Many of you may remember Alex and Julia Amiot, who were members here at St. Paul’s while they attended college. Last week, I stayed with Alex and Julia while I was preaching in Thief River Falls. Alex is now the pastor in that congregation. The Amiots have been serving there for a few months now, after Alex completed his Seminary internship last spring in Bethel Park, PA, and graduated from our Seminary. Because their internship is still so fresh on their minds, I thought it might be helpful to ask them a few questions about their time as an intern family, in order to further help us prepare for our intern, and help us to understand a little better what the life of an intern is like.
Micah: How did life change for you when you went on your internship?
Julia: We had more family time because there was less homework, and it was nice to have a more regular schedule with somewhat regular hours.
Alex: I went from missing seminary classmates and the fellowship I had with them to quickly becoming immersed in congregational life and ministry. It was like a new love.
Micah: What was one unexpected blessing you received on your internship?
Julia: We were blessed by the relationships we had with the people, even though there was a short time to grow them. It was very humbling that a group of people was willing to love you deeply even though they knew you would be leaving in a matter of months.
Alex: Visitation was such a rich blessing. I had zero experience in and zero confidence in that part of ministry to begin with, but it became one of my favorite parts of ministry. Through visitation I was really encouraged by the fellowship of the body.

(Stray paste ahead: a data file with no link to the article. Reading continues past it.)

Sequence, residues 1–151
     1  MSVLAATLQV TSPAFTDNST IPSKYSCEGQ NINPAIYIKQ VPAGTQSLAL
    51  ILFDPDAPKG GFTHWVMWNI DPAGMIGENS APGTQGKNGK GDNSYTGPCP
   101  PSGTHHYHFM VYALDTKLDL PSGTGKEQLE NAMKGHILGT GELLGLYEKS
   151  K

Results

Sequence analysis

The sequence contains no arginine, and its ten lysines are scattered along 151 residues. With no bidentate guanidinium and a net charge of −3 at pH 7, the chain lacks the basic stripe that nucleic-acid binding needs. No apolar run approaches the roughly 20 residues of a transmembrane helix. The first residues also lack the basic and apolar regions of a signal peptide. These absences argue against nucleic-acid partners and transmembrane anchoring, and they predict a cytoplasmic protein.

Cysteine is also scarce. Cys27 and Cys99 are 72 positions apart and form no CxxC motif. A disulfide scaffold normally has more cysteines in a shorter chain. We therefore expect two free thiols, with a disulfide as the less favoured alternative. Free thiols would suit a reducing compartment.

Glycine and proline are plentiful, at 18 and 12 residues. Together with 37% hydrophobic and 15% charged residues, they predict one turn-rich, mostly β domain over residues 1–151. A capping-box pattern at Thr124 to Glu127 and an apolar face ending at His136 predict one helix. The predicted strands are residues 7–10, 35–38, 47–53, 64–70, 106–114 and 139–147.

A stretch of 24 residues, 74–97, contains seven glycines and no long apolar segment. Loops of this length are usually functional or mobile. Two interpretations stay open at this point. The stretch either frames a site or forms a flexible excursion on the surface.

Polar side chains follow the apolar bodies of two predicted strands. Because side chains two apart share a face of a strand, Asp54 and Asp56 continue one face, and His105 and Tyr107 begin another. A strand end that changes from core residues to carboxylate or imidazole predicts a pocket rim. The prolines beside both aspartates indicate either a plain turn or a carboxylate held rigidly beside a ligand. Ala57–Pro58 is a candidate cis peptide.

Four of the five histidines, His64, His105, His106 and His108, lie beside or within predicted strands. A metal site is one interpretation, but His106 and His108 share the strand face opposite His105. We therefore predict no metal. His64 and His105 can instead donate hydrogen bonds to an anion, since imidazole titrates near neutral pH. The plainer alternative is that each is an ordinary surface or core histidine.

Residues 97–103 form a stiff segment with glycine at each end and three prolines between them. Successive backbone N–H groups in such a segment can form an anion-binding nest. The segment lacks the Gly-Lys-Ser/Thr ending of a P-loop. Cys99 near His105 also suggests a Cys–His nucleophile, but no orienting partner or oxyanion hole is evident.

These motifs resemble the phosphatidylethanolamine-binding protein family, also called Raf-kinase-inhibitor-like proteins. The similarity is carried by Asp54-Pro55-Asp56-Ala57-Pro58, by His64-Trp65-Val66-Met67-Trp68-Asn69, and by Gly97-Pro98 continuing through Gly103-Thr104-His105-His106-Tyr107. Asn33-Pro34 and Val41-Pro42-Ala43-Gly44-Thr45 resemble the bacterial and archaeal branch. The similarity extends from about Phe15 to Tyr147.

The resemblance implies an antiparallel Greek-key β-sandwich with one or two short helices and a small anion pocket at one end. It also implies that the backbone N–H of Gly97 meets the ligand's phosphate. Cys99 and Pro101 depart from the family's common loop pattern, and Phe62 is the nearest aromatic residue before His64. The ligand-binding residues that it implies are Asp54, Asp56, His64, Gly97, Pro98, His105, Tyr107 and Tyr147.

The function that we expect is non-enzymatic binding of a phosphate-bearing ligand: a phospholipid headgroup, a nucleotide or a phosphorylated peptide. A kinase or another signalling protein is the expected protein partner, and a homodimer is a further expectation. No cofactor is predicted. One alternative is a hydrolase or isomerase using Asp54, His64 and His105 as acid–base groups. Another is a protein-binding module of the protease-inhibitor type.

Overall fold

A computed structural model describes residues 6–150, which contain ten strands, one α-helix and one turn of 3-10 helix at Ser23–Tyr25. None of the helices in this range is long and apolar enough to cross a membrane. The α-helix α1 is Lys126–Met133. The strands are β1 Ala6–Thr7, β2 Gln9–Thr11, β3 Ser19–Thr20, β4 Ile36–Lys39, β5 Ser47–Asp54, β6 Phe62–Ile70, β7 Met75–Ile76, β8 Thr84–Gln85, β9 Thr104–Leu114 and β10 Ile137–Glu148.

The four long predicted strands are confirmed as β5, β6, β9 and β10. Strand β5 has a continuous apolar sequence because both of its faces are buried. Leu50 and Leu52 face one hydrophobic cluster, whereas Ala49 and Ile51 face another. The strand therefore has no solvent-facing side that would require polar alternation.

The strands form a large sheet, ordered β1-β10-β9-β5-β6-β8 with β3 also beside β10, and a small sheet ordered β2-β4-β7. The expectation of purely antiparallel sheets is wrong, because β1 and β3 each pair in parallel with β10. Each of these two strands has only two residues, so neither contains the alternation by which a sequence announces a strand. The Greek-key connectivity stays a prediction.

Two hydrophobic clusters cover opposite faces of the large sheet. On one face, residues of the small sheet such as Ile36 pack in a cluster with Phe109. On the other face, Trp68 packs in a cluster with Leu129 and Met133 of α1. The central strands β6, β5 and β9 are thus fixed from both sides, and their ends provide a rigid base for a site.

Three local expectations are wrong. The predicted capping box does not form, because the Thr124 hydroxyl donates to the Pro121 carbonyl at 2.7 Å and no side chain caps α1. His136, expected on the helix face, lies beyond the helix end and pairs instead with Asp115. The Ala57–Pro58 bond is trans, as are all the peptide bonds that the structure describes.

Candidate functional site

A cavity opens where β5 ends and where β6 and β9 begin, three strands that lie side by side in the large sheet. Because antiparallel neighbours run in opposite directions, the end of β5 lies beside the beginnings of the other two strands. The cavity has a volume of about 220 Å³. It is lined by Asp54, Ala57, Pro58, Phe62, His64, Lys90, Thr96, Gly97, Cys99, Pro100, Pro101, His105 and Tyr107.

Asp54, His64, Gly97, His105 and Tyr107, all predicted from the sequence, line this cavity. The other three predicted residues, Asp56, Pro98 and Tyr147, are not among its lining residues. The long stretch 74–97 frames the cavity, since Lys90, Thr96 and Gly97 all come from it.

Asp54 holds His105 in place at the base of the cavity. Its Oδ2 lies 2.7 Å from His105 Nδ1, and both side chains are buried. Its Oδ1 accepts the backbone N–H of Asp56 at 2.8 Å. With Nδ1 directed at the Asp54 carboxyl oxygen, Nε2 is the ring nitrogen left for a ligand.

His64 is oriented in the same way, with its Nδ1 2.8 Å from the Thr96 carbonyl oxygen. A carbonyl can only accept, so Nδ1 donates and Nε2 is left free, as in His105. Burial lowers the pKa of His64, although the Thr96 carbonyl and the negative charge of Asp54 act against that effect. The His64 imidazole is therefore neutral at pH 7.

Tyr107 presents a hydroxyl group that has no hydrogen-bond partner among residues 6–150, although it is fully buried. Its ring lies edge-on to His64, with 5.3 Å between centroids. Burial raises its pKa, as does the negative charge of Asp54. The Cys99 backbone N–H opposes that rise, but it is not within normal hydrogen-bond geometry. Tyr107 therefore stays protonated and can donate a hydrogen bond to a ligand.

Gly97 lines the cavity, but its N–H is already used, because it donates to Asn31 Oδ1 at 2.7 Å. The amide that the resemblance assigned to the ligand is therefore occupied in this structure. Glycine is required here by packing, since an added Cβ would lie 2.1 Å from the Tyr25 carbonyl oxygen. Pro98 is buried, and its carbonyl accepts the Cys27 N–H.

Alex: It is so humbling to consider what is happening. I took a class in college on the history of terrorism from a former CIA guy. He said that when examining a situation, it is always important to ask, “of what is this an instance? For example, is this an instance of terrorism or not?” A seminary internship is a unique situation, and as I examined what was happening during the internship, I realized that this is an instance of the generosity of a congregation, this is an instance of a congregation sacrificially giving of themselves for the education of a future pastor, this is an instance of Ephesians 4:16, “…into Christ, from whom the whole body, joined and held together by every joint with which it is equipped, when each part is working properly, makes the body grow so that it builds itself up in love.” Through the internship program, the congregation is putting the meat on the bones of an education. They are devoting their lives and the pastor’s time to the education of the intern.
Micah: How can the congregation encourage or help the intern?
Alex: Constantly introduce yourself, and don’t be offended if the intern keeps asking for your name. If you see or hear something that the intern does or says well, tell them as much, and be specific.
Micah: How can the congregation encourage the intern’s wife?
Julia: Be inviting and encouraging and understanding and empathetic. Remember that their family is going through another life change in a new community and a new congregation. Also, the intern’s wife is probably “single-momming” it in the pew for the first time. Feel free to be a friend. Don’t let the fact that they are only going to be here for only a year hinder your relationship-building with them.
It’s only two months until we welcome the Patenaudes into our congregation! They are tentatively planning to join us in the first week of January. Keep praying for Ryan, Stephanie, Thor, Solomon, Iris, Louisa, and Felicity. Pray for Ryan as he finishes his course study over the next several weeks, and pray for our church council as they finalize housing and salary details for the Patenaudes.
Serving Christ Alongside You,